Stuart, Sophie Shields
24 September 2013
The purpose of this study is to investigate how the use of contemporary storytelling practice in a museum setting can successfully engage visitor voices with objects. Specifically, this research used an exploratory case study to better understand Object Stories at the Portland Art Museum. The unique attributes inherent in Object Stories make it an exemplary program to research and through which to gain understandings regarding effective contemporary storytelling techniques within a museum. The use of digital archives, the creation of a safe space, and enabling visitors to share personal stories about museum objects are some of the qualities that set Object Stories apart from other contemporary storytelling programs in the United States. Four themes emerged through interviews, observations, and the study of documents forming a rich and detailed understanding of Object Stories. These themes are found within and help elucidate the successful characteristics of Object Stories. Based on the findings of this study, museum educators can look to this interactive gallery space at the Portland Art Museum to help them develop or enhance storytelling programs, and ultimately to improve the development of empathetic connections between visitors and museum objects. / text
Examining Holocaust education museum-initiated professional development: The perspective of museum educators during planning and implementationPennington, Lisa Kelly 28 June 2016 (has links)
Museums today frequently consider education as one of their priorities. As such, museum administrators will provide resources, field trips, or professional development opportunities to support teachers and schools. In an era of high-stakes testing, museums, like schools, are also influenced by standards that may dictate what information is taught and when. Therefore, to remain relevant and useful to school systems, museums have altered their educational practices to align with standards. Some museums choose to provide professional development workshops for educators that focus on a topic included within those standards. The Holocaust, a topic that is mandated by over 30 states, is an example of one such topic—albeit one that might also be difficult or controversial to teach. A regional Holocaust Museum that has chosen to provide a weeklong professional development opportunity for educators on teaching the Holocaust serves as an example of a museum providing support to local school divisions. However, the literature indicates that museums and teachers, while both working toward the goal of educating students, often have little communication with each other. While multiple studies have examined how teacher participants react to professional development workshops, far less attention has been paid to those that plan such opportunities. The multi-tiered issue of interest, then, is that little is known about how museum educators plan a Holocaust-related professional development opportunity, what role they play in workshop implementation, and what they consider to be crucial when preparing teachers to cover the topic This qualitative inquiry focused on understanding how museum educators planned and presented a weeklong Holocaust education workshop for teachers. The research question was developed to determine how museum staff members understand the Holocaust and Holocaust education, and how that understanding influenced their role when implementing the workshop. Data collection methods included observation and semi-structured interviews. Analysis methods utilized in this study included first and second cycle coding methods, as well as episode profiles for each participant. The key finding from this investigation suggests that museum educators' understanding of the Holocaust and Holocaust education greatly shaped their planning processes, as well as the role they fulfilled in workshop implementation. Though museum staff members agreed that the Holocaust is difficult knowledge, they each approached the topic and how it should be taught in a different manner. The implications of this study, its limitations, and suggestions for future research are detailed herein. / Ph. D.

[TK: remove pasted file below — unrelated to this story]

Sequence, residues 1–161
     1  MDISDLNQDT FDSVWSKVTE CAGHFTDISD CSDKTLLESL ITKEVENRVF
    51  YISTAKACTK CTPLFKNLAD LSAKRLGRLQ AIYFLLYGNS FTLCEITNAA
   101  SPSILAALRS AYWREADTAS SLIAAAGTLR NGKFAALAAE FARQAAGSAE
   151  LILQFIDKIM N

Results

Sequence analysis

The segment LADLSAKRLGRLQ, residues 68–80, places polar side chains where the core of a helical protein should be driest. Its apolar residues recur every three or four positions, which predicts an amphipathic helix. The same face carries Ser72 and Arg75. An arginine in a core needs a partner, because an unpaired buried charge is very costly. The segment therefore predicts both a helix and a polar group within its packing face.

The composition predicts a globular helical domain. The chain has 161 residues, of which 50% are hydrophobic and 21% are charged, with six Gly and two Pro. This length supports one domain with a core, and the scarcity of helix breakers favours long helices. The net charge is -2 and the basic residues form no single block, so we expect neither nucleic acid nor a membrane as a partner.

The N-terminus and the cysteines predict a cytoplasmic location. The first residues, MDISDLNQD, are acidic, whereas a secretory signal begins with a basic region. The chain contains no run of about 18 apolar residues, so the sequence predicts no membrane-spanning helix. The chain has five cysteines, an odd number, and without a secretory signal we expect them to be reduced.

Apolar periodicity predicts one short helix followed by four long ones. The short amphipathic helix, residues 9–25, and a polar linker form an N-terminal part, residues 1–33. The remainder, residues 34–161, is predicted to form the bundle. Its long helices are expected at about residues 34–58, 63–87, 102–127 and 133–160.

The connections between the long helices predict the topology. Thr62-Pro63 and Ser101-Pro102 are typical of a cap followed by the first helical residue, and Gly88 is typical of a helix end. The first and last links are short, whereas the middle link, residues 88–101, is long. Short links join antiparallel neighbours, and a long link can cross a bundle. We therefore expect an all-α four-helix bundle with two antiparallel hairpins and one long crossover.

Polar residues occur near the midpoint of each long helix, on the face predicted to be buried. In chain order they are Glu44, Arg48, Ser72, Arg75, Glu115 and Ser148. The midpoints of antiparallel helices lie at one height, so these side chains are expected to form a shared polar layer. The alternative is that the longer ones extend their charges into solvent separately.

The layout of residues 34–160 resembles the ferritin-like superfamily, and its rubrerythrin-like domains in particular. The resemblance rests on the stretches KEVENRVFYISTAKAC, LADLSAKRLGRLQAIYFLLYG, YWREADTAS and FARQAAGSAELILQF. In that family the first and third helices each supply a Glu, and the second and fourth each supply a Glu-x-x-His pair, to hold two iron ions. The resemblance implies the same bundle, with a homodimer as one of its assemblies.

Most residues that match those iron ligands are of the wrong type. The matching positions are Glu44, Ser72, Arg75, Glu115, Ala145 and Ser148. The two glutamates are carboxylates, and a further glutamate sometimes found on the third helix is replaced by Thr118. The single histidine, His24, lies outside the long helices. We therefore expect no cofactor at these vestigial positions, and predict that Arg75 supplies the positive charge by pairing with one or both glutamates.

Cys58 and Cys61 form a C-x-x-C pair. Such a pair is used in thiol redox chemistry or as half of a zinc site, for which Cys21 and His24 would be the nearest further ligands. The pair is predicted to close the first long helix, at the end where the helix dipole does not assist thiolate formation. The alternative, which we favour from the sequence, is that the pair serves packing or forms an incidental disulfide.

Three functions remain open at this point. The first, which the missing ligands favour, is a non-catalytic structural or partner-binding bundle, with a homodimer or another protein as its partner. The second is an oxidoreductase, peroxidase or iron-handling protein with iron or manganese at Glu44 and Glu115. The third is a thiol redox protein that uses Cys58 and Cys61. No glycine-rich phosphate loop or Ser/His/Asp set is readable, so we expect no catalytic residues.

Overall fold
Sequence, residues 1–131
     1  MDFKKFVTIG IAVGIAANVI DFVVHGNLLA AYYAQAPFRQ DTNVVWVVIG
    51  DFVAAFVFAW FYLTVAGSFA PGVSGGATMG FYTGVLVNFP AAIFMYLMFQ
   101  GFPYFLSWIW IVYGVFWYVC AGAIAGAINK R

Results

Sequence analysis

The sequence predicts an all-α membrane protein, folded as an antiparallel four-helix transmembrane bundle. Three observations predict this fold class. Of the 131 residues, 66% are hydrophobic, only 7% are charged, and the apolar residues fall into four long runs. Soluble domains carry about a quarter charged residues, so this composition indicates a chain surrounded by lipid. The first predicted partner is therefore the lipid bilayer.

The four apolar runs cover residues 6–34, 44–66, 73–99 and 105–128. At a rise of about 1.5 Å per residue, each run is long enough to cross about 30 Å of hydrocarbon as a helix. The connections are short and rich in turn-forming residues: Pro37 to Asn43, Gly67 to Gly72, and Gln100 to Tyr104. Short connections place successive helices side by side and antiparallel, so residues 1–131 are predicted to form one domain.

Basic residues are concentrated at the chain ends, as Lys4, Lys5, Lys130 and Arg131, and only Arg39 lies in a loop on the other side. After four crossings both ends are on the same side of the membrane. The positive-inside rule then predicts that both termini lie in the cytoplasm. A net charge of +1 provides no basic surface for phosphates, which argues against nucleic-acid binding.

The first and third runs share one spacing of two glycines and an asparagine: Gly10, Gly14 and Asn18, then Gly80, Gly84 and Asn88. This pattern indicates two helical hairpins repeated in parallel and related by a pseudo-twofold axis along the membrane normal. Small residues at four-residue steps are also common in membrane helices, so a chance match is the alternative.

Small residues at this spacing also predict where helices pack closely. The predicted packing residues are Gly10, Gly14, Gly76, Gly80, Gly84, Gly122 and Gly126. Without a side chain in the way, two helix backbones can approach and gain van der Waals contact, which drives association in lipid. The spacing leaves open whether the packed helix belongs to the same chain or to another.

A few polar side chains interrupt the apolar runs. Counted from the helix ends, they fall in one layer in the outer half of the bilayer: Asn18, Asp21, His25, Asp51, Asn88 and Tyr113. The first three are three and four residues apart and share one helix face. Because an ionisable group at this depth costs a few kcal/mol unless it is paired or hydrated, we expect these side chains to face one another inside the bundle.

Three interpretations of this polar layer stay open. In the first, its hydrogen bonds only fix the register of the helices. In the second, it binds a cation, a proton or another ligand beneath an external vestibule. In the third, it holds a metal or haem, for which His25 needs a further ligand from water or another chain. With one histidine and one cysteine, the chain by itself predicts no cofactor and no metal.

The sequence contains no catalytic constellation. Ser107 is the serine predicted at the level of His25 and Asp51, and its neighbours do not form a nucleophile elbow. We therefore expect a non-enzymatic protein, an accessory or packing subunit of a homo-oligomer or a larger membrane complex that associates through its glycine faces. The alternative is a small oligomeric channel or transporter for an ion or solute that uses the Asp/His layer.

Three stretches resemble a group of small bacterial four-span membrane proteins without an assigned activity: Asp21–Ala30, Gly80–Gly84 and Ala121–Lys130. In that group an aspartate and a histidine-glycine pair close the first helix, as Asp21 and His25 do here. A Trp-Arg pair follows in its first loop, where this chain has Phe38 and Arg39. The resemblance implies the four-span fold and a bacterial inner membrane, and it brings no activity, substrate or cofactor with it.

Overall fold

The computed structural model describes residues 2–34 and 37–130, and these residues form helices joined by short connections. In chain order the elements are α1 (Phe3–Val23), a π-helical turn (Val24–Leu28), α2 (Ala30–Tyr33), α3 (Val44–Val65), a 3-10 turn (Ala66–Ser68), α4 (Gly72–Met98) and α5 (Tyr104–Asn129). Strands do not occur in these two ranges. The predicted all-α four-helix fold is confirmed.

"'The Lifecycle of a Neighborhood': Developing a Self-Guided Tour of the Built Environment in Judiciary Square for the National Building Museum, Washington, DC"Griffin, Amy H. 22 April 2014 (has links)
Self-guided tours for museums require authors to define a learning objective, research content, design graphics, and implement inclusive interpretive methods. However, museum education literature does not provide clear, comprehensive direction for these complex projects. By recounting the development of a self-guided tour of Judiciary Square for the National Building Museum in Washington, DC, this thesis assesses the value and limitations of theoretical literature in practice. It introduces additional research methods and approaches to address project components that museum education literature overlooks.
Schneider, Abbey Lynn
19 October 2010